The chain, which has 280 shops, owes bondholders £220m in notes that are due for refinancing by next year. There had been some concern that the FCA would deny BrightHouse a licence, that the company would be hit with a large fine, or that the regulatory process would take so long it would prevent a refinancing.
Brighthouse breathes sigh of relief as it closes in on FCA approval
Written by Ashley Armstrong, Retail Editor, The Telegraph
The struggling rent-to-own electricals chain BrightHouse has revealed that the UK’s financial regulator has said it is minded to grant it a consumer credit licence so long as the company refinances its debt and sticks to its new business plan.
The Financial Conduct Authority (FCA) has been investigating BrightHouse, which lets consumers buy goods on extended payment plans, as part of its wider scrutiny of the hire-purchase sector amid allegations of overcharging and hard-sell tactics.
In an attempt to secure its credit licence BrightHouse has agreed to more stringent checks on its customers’ finances before lending to them.
BrightHouse, which is currently owned by private equity firm Vision Capital, said that it was able to demonstrate that it treats customers “fairly”. An investigation last year found that the cheapest washing machine at BrightHouse, which was available on the high street for £350, could cost as much as £1,056 if someone paid weekly over three years.
However, BrightHouse sales have fallen as a result of the tighter restrictions disqualifying more customers and creating longer queues.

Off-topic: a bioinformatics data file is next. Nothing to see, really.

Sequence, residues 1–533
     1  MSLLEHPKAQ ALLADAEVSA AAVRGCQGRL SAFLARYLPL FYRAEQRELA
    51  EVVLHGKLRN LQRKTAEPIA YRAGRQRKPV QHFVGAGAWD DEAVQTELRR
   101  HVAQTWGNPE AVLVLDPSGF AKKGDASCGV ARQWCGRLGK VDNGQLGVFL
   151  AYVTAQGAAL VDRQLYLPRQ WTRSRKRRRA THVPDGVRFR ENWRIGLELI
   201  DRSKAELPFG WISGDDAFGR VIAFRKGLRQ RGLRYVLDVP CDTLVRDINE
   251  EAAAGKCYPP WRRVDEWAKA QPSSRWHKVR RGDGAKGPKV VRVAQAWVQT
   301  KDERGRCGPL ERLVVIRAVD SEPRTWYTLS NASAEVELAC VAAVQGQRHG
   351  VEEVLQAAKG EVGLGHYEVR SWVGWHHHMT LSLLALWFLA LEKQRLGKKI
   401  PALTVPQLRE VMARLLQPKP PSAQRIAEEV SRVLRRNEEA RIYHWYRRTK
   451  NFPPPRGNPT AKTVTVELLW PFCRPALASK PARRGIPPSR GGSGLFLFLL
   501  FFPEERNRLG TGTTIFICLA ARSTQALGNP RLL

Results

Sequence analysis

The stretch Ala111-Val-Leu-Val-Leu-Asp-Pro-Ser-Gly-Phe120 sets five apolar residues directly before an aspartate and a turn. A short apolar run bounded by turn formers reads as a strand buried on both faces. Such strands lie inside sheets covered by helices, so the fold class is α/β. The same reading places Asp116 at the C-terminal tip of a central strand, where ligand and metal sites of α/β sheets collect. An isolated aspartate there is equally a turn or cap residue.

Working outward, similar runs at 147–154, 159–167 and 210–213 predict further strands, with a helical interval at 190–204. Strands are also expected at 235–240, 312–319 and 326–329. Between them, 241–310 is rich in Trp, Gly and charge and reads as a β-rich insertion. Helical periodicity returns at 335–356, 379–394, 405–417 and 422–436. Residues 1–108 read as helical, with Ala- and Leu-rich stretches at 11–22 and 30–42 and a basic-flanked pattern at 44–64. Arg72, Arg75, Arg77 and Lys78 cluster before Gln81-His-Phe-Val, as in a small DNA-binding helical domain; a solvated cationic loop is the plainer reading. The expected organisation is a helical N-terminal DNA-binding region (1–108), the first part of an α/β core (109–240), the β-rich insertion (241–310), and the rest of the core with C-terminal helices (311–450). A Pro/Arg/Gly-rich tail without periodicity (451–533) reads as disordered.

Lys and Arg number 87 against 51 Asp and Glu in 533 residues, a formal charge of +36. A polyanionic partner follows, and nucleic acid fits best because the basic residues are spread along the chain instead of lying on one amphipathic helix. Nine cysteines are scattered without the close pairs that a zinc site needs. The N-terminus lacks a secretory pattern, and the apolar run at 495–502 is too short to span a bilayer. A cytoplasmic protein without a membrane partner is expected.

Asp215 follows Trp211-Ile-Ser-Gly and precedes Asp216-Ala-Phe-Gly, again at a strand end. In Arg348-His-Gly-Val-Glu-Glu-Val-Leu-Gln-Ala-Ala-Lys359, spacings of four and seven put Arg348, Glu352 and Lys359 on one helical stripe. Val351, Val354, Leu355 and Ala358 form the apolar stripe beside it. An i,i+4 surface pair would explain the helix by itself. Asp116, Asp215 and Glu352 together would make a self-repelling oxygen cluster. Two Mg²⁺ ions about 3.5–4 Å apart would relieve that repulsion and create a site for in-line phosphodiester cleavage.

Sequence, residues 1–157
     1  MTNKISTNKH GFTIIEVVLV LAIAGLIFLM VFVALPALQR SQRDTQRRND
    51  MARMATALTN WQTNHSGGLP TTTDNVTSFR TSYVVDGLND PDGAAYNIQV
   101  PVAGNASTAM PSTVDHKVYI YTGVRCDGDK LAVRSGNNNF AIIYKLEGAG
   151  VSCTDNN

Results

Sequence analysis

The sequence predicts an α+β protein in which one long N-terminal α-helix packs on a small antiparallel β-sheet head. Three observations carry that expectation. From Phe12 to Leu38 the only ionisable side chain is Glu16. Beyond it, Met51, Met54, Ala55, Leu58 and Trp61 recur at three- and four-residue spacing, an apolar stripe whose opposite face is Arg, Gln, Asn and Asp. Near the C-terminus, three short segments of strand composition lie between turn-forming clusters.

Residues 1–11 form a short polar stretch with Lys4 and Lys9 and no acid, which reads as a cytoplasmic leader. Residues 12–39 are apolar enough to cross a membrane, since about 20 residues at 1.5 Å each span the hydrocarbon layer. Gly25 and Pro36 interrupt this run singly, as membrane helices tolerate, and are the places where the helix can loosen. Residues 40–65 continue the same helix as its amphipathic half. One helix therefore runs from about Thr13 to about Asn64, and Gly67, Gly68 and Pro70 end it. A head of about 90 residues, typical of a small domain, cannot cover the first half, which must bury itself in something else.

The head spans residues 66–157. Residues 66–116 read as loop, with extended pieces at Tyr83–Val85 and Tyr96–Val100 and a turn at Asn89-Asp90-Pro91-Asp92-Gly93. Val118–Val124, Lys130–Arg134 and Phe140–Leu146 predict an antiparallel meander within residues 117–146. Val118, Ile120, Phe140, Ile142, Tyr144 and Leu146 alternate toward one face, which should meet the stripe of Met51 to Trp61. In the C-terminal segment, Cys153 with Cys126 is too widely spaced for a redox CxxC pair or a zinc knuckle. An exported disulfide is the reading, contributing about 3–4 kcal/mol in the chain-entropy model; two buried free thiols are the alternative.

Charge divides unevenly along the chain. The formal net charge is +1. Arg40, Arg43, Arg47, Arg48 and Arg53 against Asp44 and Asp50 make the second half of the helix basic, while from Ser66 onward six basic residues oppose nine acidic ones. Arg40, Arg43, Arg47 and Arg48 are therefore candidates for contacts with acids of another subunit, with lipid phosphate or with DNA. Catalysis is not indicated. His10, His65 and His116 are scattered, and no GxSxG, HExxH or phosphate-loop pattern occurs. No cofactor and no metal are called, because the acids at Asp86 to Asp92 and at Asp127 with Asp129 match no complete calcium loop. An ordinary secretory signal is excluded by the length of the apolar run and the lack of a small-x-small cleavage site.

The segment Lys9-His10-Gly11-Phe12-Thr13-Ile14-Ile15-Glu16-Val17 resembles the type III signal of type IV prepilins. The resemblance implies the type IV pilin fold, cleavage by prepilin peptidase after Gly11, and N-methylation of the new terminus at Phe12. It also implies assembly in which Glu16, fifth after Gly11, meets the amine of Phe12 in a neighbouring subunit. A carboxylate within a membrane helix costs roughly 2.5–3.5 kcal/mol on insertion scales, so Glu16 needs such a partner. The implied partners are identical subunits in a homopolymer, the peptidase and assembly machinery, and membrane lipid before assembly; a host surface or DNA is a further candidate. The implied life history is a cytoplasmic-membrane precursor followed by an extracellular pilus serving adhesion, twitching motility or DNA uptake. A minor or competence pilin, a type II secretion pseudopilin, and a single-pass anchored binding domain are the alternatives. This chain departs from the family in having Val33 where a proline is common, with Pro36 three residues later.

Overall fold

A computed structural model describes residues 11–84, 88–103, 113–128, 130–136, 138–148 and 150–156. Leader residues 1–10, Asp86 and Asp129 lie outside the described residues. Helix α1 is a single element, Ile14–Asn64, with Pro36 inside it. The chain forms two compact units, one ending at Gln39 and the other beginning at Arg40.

Hamish Paton, chief executive, has previously said that the company is investing in new technology to address delays in shops that are harming ales.
The company said that the FCA would authorise it so long as BrightHouse demonstrates that it is “balance sheet and cashflow solvent” and that it had refinanced its debt by May 15, 2018.
BrightHouse now faces a showdown with hedge funds that began buying into its debt after the FCA said last year that it was working with the company to tackle a “number of immediate and pressing concerns” about business practices.
However, now that threat has passed, the company’s bonds have risen by 4p in the pound to 78p compared to the 65p mark that attracted the hedge funds.
“We are pleased to have successfully reached this important milestone and that the FCA is minded to authorise our business, subject to all of the above conditions being met by May 15, 2018 – primarily regarding refinancing our corporate bond,” the company said. “That refinancing is due by May 2018 and we are confident this will happen before then.”
The bondholders are working with advisers at PJT and Sullivan & Cromwell while BrightHouse, which was formerly known as Crazy George, is working with advisers at Rothschild and Freshfields.
The FCA declined to comment.
Source: The Telegraph